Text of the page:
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The Five W's of Testing: The Who

Over the next 5 - 6 weeks we will embark on a journey. A journey to take a look at "The Five W's of Testing." This journey will take us through the Who, What, When, Where, and Why of testing our applications. We will also look at the 6th man of the equation, The How. This series is geared to all levels of skill. I hope that everyone can take away a new piece of knowledge from what we discover.

If you have touched a piece of code you have undoubtedly heard of testing. There are a number of Testing Methodologies that we as developers employ on our various projects.

Shall we begin?

Let's dig more into what this chapter is about, The Who. Not the band, although those guys are pretty epic as well, dare I say even more so than testing.

The Who I'm referring to would be...us, developers. Be it new developers just getting their feet wet or seasoned developers who have been practicing the art of testing code since day one.

At least that's what the typical testing demographic is portrayed as. Over the years it has become very common to see BA, QA and an even more focused QE role helping to build automated test suites for our applications.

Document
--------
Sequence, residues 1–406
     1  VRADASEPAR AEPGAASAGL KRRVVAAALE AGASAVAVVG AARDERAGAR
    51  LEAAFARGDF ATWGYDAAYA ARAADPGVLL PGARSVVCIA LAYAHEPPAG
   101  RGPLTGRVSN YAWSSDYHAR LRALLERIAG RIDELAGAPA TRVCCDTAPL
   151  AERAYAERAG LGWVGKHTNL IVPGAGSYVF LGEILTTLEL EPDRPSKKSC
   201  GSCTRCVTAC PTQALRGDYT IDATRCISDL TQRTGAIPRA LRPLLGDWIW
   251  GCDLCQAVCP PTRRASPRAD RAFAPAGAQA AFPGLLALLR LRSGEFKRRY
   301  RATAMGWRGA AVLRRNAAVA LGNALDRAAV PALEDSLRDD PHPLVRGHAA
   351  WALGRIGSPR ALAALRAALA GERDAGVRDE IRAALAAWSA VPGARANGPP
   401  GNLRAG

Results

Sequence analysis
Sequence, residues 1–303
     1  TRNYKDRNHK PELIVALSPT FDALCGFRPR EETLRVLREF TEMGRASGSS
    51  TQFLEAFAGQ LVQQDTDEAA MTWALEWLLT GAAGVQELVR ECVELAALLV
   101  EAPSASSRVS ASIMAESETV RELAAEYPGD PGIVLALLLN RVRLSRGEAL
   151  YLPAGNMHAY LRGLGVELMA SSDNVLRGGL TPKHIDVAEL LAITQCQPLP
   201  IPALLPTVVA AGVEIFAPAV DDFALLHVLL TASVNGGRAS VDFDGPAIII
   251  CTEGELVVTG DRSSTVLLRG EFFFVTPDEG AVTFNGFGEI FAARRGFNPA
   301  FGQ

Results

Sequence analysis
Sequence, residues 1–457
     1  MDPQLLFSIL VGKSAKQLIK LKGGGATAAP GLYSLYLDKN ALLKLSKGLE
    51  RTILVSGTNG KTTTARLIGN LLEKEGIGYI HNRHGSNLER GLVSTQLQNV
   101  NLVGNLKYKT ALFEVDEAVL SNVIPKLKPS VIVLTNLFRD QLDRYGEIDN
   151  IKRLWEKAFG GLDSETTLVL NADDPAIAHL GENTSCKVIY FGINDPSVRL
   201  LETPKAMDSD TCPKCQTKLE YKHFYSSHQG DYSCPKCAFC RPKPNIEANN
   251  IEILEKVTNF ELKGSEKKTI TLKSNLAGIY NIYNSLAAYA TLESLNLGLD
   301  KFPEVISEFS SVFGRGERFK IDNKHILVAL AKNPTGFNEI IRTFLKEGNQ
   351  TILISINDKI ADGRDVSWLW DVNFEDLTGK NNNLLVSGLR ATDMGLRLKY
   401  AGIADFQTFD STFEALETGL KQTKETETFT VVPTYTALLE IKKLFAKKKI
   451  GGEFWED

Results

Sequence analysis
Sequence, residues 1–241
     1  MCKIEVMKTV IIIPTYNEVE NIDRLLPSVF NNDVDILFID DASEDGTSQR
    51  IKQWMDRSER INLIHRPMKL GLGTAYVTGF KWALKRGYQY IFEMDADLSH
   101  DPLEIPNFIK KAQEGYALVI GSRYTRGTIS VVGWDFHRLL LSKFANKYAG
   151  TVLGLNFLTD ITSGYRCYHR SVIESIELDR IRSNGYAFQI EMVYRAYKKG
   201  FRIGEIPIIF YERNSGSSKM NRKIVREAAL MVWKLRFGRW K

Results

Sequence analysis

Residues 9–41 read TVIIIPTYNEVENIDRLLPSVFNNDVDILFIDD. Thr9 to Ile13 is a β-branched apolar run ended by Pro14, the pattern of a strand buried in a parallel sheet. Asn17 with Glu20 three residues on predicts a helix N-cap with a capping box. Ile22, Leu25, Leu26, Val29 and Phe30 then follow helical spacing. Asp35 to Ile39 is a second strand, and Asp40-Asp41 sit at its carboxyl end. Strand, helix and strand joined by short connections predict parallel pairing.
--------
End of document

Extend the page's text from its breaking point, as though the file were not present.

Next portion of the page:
One of the biggest advantages of having these roles help with the testing initiative, is their uncanny ability to try and break our code. As developers we, generally, code to Acceptance Criteria that is defined by our Product Owner(s)/Stakeholder(s). We usually do our testing around those defined criteria. The roles we mentioned above have been taught to think outside the box, to create edge case scenarios that we as developers likely would not have thought of. This generally leads to fewer bugs making it into production in most cases.

Some opinions would suggest that having these specialized roles take part in the testing process is not warranted. Having to rely on another group to test our application is just another lane in the product life cycle, after all the engineers are TDD/BDDing the application right...? Why would we want to have another set of folks verifying that the application works.

Utimately "The Who" of testing comes down to how your team is structured and the Agile methodologies you have in place. Ideally anyone on your team can "test". Testing is defined, in a nutshell, as the process of determing the quality of an application to provide to stakeholders as well as the discovery of defects or bugs. Testers are not limited to specific roles within your team structure. Keep this in mind the next time you are down to the last few days of an iteration and you need a few extra hands for testing.